Epps, who surrendered Tuesday night and was arraigned Wednesday morning, was being held at the Delaware County jail with bail set at $100,000 on misdemeanor charges that included assault, harassment, and the making of terroristic threats.
In the video, the assailant can be seen engaging in conversation the older man, who was sitting in the Aronimink station about 1 p.m. June 11. He then turns and delivers a vicious - and audible - sucker punch to the man's head. The four then ran off.
The victim said he called 911, but "no one answered the phone after a minute and 41 seconds - exactly a minute and 41 seconds. So I hung up. Damn good thing I wasn't bleeding to death. I'd be dead by now."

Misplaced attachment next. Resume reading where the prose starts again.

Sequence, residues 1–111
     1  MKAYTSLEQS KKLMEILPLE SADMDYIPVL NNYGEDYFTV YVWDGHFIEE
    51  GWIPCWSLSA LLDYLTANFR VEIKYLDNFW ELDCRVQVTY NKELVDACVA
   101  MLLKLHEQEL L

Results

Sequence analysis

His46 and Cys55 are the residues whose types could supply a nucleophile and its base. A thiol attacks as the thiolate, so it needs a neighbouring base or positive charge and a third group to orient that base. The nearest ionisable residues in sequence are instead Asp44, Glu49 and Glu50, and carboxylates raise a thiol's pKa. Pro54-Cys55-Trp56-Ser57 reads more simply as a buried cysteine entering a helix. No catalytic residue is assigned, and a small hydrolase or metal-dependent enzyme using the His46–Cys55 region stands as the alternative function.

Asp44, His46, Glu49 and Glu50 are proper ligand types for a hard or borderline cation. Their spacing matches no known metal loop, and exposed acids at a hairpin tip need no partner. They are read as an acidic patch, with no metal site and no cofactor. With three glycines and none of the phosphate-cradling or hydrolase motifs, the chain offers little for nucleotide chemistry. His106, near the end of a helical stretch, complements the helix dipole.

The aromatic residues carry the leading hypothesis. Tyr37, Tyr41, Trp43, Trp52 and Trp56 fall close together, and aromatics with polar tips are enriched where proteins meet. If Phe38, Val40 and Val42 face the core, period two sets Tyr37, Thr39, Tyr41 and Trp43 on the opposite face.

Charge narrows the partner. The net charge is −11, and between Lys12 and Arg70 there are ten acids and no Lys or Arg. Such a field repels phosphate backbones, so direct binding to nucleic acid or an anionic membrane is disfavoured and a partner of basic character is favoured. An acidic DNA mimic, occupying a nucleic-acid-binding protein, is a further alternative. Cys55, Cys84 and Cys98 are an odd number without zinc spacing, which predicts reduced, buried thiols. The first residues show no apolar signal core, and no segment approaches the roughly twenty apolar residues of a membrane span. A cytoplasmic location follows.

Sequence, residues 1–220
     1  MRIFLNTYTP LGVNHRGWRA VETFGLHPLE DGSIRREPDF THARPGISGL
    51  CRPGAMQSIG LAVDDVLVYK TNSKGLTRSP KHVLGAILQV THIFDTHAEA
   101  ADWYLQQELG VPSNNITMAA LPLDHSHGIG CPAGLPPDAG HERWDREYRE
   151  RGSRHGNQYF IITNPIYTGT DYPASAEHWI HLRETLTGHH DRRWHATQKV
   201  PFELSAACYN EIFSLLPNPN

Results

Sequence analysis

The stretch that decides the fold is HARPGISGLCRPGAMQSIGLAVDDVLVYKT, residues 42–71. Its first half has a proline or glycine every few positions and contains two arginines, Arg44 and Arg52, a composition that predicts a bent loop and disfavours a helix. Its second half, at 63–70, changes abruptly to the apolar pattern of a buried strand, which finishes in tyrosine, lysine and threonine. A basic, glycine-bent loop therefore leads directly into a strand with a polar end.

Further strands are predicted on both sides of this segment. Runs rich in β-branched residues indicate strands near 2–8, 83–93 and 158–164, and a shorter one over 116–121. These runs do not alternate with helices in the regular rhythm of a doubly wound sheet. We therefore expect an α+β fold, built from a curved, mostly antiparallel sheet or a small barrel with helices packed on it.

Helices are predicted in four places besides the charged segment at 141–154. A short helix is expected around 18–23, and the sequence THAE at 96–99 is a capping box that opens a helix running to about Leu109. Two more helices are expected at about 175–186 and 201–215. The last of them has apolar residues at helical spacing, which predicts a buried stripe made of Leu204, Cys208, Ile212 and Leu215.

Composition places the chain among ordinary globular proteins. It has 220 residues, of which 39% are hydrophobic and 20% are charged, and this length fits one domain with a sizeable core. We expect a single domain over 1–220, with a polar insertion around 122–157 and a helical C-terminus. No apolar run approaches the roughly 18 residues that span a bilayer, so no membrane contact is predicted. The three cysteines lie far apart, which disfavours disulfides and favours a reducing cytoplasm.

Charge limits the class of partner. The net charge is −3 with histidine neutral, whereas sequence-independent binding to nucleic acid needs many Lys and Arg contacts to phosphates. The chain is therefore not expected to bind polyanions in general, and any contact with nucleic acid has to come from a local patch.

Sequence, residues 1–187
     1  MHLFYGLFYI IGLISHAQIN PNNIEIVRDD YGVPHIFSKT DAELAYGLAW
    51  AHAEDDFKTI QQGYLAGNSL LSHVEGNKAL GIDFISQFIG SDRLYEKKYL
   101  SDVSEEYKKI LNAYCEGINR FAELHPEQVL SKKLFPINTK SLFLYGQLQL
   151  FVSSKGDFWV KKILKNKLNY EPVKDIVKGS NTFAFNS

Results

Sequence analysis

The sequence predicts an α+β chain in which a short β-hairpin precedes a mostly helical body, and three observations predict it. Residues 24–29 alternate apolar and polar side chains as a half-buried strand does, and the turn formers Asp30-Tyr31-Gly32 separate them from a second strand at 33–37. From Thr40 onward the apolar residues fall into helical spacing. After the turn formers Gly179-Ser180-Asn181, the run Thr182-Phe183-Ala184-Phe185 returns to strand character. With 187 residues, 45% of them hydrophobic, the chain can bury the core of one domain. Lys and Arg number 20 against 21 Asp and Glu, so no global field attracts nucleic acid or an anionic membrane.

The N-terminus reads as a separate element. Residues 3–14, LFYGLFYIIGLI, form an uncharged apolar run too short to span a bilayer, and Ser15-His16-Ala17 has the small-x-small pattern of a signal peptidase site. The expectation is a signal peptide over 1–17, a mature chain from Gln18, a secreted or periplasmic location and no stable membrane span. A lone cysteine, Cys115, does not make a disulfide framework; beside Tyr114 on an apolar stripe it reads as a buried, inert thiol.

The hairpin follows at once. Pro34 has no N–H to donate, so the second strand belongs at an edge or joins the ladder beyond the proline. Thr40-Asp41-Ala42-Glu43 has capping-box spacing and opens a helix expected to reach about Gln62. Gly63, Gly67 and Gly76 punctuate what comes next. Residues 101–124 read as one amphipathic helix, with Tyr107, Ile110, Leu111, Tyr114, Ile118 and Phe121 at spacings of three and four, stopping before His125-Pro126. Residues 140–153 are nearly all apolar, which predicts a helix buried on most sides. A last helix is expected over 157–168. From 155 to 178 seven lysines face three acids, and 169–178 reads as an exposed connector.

Chitwood said the county, which is responsible for the 911 system, had been alerted that "something's wrong there."
Chad Brooks, chief of operations for county emergency services, said the 911 call was received but the operator failed to press the victim for details about the incident. When the victim asked to talk to police, the operator provided him with a number for the Upper Darby department.
Right after the video was posted on Facebook, police said, they were inundated with calls from outraged viewers.
Chitwood said Epps' three companions should surrender.
"Come in, because we are going to get you anyway," he said.
Though he said he holds no grudge, the victim, who did not give his name and was not identified by authorities, on Wednesday called the teen a "little punk" who deserves what he gets and who should be prosecuted to the fullest extent of the law.
"You don't hurt people," he said. "My family believes in fighting for peace."